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The Floor is Lava: An Autoethnographic Study of Non-Normative Embodiment and the Entangled Ontologies of Body, Tool and Landscape

Part 2 Dissertation 2020
Jordan Whitewood-Neal
University of Brighton | UK
How can the experience and study of non-normative embodiment help to reimagine our onto-epistemological boundaries? The Floor Is Lava explores discourse on disability, agency and landscape through an autoethnographic study conducted in the Ashdown Forest, and presents a new methodology for critiquing experience, spatiality and alternative forms of embodiment in relation to technology. The essay leads towards a fictional imagination of the childhood game, questioning the ontological and epistemological consequences of a lava filled landscape when we reconfigure the relationship between the body and objects.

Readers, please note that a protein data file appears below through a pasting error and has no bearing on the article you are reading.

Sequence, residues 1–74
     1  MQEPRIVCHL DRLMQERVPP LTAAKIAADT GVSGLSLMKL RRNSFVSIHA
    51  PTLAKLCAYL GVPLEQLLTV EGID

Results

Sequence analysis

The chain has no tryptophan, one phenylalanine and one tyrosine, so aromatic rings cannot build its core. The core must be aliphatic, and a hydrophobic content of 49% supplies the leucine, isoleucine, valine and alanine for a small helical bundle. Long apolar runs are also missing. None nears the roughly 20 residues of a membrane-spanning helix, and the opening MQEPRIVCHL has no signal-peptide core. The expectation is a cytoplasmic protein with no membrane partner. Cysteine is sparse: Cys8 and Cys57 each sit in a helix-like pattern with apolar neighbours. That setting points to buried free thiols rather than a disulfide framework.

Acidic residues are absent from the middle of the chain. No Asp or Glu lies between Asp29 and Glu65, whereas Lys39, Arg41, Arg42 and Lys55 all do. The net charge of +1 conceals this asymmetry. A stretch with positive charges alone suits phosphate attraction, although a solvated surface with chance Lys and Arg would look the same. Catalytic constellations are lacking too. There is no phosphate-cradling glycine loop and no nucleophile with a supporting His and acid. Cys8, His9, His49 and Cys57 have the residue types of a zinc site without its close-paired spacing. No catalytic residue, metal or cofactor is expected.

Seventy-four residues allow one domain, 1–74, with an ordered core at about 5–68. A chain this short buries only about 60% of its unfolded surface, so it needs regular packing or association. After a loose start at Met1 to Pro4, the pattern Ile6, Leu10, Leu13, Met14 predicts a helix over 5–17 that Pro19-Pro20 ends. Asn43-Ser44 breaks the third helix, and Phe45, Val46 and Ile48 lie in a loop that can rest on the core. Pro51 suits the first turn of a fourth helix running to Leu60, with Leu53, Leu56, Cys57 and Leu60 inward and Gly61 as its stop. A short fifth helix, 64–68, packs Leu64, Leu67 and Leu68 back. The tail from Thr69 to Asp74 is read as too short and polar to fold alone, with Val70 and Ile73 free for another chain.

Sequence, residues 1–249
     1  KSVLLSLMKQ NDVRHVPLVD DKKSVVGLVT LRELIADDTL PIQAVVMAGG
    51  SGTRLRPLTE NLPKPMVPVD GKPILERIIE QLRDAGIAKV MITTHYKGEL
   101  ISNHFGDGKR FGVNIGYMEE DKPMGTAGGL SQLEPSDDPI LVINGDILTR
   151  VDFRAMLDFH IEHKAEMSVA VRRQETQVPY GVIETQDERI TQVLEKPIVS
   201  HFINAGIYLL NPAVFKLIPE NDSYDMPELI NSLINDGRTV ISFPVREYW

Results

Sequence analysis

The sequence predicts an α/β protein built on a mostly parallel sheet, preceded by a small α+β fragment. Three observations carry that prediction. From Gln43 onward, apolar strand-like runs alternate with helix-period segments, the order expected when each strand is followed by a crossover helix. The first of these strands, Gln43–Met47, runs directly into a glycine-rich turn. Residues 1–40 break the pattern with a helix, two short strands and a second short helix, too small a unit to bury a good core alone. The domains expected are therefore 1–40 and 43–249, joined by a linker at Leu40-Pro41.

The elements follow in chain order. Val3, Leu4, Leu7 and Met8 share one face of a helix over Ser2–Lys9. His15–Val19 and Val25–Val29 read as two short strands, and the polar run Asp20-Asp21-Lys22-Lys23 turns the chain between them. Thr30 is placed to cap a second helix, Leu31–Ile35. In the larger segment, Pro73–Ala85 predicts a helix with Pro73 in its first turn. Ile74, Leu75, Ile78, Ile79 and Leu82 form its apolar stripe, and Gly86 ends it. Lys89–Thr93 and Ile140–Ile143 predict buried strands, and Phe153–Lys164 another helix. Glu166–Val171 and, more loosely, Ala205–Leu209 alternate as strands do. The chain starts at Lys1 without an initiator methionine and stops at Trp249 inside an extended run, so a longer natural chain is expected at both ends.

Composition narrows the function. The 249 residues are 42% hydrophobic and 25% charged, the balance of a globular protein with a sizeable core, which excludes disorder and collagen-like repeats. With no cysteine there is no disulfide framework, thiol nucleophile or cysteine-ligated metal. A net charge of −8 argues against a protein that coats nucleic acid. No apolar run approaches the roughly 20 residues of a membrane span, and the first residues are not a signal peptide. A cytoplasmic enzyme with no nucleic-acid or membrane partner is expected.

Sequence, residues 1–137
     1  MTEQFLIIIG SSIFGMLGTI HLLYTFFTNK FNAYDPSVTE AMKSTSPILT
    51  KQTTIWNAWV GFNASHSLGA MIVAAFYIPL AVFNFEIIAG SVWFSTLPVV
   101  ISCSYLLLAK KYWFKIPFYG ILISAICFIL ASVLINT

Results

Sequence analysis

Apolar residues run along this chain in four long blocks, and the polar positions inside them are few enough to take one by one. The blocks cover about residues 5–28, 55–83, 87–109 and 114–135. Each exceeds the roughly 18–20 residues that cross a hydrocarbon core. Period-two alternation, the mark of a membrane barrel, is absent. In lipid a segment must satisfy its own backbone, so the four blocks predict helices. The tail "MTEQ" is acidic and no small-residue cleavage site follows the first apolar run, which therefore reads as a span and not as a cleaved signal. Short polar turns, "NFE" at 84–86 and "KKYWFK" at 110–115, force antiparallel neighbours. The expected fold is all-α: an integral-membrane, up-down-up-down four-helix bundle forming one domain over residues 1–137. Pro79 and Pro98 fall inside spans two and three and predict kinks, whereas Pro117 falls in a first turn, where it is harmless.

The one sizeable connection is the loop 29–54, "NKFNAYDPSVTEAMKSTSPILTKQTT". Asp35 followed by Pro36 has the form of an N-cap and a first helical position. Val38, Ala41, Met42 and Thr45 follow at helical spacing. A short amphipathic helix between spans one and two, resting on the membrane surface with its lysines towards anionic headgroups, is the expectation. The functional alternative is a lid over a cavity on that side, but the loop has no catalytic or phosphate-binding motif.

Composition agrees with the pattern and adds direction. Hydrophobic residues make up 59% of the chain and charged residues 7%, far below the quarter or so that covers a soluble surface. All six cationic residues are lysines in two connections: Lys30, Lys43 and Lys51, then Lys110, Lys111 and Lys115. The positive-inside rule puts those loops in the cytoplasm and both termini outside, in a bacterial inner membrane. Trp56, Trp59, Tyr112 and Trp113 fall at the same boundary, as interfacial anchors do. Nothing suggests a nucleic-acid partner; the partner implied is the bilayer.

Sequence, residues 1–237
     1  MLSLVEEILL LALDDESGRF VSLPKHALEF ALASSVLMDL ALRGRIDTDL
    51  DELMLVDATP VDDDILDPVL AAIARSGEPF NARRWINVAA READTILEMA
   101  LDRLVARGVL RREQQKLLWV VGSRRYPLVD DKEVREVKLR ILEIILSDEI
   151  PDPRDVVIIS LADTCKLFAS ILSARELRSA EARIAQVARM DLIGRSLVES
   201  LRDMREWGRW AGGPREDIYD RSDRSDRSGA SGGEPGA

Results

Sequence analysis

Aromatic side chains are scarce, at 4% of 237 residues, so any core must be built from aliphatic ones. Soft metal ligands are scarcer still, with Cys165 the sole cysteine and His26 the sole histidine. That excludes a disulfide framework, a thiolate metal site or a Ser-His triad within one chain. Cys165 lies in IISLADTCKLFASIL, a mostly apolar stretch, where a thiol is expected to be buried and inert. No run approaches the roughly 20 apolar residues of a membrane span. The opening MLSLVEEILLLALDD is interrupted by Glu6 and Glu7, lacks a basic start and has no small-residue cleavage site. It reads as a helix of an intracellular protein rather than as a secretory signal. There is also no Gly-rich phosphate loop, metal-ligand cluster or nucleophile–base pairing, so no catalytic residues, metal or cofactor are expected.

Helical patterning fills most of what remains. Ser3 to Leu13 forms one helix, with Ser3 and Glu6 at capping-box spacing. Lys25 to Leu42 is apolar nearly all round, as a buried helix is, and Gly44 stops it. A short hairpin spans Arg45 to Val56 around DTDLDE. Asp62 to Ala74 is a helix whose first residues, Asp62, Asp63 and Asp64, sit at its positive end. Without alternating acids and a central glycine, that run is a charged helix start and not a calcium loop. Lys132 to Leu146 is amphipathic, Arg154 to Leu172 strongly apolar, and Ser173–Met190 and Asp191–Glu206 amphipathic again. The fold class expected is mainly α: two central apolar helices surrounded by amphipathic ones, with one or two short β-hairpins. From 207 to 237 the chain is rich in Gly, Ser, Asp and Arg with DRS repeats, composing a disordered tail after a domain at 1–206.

This unique autoethnographic methodology provides a framework which inherently questions the role of subjectivity in research, using the body, apparatuses, experiences, perception and specific context as both independent and interrelated facets of investigation. The wheelchair is contemplated as both an augmentation and extension of self, considering posthumanist ideas of matter and circumstance. The dissertation ran in parallel to a design thesis which, based on the same site, explored the eventualities of embracing these ontological entanglements through the proposal of an accessible woodland; while the essay was used to question the ontological causalities and theoretical conditions.

Jordan Whitewood-Neal

Katy Beinart
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